Floating point numbers are useful for representing numbers that are
not integral. The precise range of floating point numbers is
machine-specific; it is the same as the range of the C data type
double on the machine you are using. Emacs uses the
IEEE floating point standard, which is supported by all
The read syntax for floating point numbers requires either a decimal point (with at least one digit following), an exponent, or both. For example, ‘1500.0’, ‘15e2’, ‘15.0e2’, ‘1.5e3’, and ‘.15e4’ are five ways of writing a floating point number whose value is 1500. They are all equivalent. You can also use a minus sign to write negative floating point numbers, as in ‘-1.0’.
Emacs Lisp treats
-0.0 as equal to ordinary zero (with
=), even though the two are
distinguishable in the IEEE floating point standard.
The IEEE floating point standard supports positive
infinity and negative infinity as floating point values. It also
provides for a class of values called NaN or “not-a-number”;
numerical functions return such values in cases where there is no
correct answer. For example,
(/ 0.0 0.0) returns a NaN. (NaN
values can also carry a sign, but for practical purposes there's no
significant difference between different NaN values in Emacs Lisp.)
When a function is documented to return a NaN, it returns an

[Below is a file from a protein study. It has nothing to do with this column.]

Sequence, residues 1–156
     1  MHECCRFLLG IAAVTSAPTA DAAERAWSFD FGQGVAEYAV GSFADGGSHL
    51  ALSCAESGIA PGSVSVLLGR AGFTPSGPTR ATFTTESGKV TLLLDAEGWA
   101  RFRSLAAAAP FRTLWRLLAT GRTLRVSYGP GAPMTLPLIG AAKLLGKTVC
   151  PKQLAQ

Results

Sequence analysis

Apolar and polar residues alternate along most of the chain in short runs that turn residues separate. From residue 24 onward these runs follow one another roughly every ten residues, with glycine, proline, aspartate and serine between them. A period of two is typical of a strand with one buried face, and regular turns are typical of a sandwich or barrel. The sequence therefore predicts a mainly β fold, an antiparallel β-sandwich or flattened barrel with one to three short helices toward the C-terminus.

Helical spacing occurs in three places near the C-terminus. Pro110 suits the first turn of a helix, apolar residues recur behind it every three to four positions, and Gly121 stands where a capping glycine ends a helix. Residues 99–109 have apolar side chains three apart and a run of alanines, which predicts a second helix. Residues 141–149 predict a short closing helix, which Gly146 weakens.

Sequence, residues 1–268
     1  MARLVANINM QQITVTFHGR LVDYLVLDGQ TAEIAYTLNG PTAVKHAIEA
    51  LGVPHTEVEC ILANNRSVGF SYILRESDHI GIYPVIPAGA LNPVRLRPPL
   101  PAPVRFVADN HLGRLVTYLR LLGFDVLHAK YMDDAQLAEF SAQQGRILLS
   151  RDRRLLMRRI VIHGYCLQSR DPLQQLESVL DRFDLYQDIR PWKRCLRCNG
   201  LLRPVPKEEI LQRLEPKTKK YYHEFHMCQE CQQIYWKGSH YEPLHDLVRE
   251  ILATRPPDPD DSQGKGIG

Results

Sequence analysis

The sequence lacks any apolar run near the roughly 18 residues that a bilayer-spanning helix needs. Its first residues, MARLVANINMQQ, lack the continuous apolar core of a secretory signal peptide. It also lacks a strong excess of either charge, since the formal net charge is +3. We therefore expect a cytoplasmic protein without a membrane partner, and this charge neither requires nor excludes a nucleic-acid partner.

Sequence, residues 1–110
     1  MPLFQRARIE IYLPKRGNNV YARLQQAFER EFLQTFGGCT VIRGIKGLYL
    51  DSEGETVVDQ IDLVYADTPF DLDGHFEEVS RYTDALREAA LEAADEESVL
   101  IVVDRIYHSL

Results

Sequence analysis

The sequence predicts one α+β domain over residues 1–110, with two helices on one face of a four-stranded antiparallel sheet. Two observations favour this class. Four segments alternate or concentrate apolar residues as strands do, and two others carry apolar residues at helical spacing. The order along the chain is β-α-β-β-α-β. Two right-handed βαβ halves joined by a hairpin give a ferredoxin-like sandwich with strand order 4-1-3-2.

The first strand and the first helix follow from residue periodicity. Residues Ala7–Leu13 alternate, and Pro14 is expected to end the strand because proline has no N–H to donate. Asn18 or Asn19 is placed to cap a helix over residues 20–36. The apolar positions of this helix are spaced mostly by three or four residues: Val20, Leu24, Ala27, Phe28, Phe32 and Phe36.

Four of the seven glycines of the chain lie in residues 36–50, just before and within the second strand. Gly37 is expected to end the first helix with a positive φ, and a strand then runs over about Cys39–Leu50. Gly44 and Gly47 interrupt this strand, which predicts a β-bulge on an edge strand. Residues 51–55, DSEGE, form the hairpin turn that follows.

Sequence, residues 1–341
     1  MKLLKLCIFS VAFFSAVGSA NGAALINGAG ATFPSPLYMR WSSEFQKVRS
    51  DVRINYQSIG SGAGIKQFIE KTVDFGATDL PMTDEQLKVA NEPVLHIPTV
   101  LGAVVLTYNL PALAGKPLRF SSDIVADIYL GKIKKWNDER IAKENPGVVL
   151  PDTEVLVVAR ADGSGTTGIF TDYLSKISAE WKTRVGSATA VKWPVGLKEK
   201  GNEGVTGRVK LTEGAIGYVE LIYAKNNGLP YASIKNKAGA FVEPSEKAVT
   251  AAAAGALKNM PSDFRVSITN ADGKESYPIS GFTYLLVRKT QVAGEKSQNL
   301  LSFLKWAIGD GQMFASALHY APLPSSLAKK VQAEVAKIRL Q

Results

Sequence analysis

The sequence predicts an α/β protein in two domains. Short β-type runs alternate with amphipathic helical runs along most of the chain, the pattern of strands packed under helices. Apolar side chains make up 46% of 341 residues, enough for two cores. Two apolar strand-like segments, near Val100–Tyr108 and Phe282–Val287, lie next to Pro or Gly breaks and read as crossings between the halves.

implementation-defined value when Emacs is running on one of the
now-rare platforms that do not use IEEE floating point. For
(log -1.0) typically returns a NaN, but on
non-IEEE platforms it returns an implementation-defined
Here are the read syntaxes for these special floating point values:
This predicate tests whether its argument is NaN, and returns
nilotherwise. The argument must be a number.
The following functions are specialized for handling floating point numbers:
This function returns a cons cell
), where sig and exp are respectively the significand and exponent of the floating point number x:x = sig * 2^exp
sig is a floating point number between 0.5 (inclusive) and 1.0 (exclusive). If x is zero, the return value is
(0 . 0).
This function returns a floating point number corresponding to the significand sig and exponent exp.
This function copies the sign of x2 to the value of x1, and returns the result. x1 and x2 must be floating point numbers.